About Vital Signs
Vital Signs is a community check-up conducted by community foundations across Canada that measures the vitality of our communities and identifies significant trends in a range of areas critical to quality of life. Vital Signs is coordinated nationally by Community Foundations of Canada and with special thanks to the Toronto Foundation for developing and sharing the Vital Signs concept.
A UNIQUE OUTLOOK ON GREATER MONTRÉAL’S CHILDREN
The Foundation of Greater Montréal presents a special edition of Vital SignsTM for 2017. In this year of anniversary celebrations—Montréal’s 375th and Canada’s 150th—we decided to focus this report on children: our community’s future. The story of this accomplishment deserves to be told.
The Foundation of Greater Montréal launched the Vital SignsTM project in December 2016, inviting three dozen or so children’s rights organizations to share their data on young people and tell us about the most crucial issues our children face. This report would not exist without their contribution. From the very start of this process, we laid out conditions for success, and one of them—getting children involved in the reflection—had a huge impact on how the project evolved. Six groups of young people from different neighbourhoods and various situations (children of Syrian refugees, children with physical disabilities, etc.) joined the Vital Signs conversation. Their contribution was so great, in fact, we decided to hold a forum on the importance of listening to our community’s children.
2017 VITAL SIGNS REPORT
The publication last June of UNICEF’s Report Card 14 had a major influence on Vital SignsTM. This report compares the situation of Canada’s children, aged 0–17, with that of children from 40 other industrialized countries. Its basis is the sustainable development goals that 193 United Nations member countries adopted in September 2015. The results of Report Card 14 confirmed our hunch: when compared to descriptions in past UNICEF reports, the current situation of Canada’s children has noticeably deteriorated. Today, Canada ranks 25th overall for children’s well-being; in 2007, it came in 12th. Out of the 41 countries evaluated for the sustainable development goals, Canada is 32nd for the No poverty goal, and 37th for both the Zero hunger and Peace, justice and strong institutions goals. Naturally, we had to adapt the indicators, which were designed for countries, to make them applicable at the regional level. We also had to look for studies on children’s situation that remain too rare.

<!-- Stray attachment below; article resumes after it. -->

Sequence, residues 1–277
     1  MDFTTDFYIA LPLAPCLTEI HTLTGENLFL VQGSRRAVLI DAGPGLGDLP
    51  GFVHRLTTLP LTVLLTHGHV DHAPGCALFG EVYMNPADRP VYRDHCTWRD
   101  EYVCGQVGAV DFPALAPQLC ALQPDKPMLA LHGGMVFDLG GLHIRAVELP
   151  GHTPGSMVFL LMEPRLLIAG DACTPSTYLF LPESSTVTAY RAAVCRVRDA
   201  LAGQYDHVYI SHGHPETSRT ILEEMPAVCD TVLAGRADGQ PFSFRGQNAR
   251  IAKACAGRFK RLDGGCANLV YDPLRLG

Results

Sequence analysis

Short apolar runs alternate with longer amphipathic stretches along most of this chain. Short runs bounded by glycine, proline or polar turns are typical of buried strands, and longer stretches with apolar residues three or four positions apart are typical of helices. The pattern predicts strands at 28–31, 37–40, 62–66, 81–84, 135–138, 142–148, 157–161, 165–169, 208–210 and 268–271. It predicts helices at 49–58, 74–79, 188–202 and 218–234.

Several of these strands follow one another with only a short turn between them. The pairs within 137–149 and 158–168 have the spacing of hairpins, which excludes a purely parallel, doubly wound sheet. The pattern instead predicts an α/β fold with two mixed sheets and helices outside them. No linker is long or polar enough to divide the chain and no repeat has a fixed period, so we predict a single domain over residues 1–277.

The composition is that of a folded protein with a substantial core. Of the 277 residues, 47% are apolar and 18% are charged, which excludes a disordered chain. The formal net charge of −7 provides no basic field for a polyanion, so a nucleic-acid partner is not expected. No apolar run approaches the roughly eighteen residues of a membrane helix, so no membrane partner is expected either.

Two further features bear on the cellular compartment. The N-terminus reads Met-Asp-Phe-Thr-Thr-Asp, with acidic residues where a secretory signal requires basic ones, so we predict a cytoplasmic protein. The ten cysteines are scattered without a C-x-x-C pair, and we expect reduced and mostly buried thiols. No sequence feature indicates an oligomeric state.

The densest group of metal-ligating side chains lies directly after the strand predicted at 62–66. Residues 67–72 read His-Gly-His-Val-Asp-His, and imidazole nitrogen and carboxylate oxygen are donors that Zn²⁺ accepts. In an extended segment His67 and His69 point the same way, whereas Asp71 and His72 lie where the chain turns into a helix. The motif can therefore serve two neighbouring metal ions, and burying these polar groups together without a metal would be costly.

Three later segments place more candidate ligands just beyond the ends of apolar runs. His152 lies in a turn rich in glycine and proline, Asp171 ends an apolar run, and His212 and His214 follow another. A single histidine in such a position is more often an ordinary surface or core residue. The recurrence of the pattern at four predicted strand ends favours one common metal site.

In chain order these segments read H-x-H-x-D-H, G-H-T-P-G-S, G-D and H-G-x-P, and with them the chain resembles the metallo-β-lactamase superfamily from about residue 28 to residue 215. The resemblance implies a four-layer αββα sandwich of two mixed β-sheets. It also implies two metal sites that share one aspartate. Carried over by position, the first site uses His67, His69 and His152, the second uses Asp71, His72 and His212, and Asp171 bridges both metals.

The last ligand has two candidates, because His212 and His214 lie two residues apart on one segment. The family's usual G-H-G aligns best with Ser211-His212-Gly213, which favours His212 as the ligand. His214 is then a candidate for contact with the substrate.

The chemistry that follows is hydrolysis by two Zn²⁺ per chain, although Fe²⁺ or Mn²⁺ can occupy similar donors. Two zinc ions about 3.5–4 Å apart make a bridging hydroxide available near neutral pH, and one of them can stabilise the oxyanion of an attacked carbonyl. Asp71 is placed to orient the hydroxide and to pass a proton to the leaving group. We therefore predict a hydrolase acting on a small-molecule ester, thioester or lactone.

The findings in this portrait of children in Greater Montréal were sometimes those we were expecting; others were surprising or worrisome.
A FEW FINDINGS
Although 35.8% of the region’s low-income neighbourhoods can be found in Montréal, the tax and social transfer system mitigates the major impacts of this poverty. Nearly 50% of high school students do not eat breakfast before school. Despite progress in retention at the high-school level, Montréal still lags behind other regions. Girls succeed best at university, receiving 59.2% of bachelor’s degrees. Regarding the access to a family doctor, only 65% of young people aged 12–19 do have regular access, as compared to 94% in Toronto and 88% in Vancouver. Most schools in Quebec teach about sustainable development, but many children experience problems caused by mold in their schools and substandard apartments.
Vital SignsTM does not offer an analysis of these observations; instead, it is intended to stimulate debate in the community of Greater Montréal. Several organizations have already announced major initiatives and we hope to see a wave of innovative projects to benefit our children. Vital SignsTM describes a multidimensional reality engaging the whole community including the children.
Foundation of Greater Montréal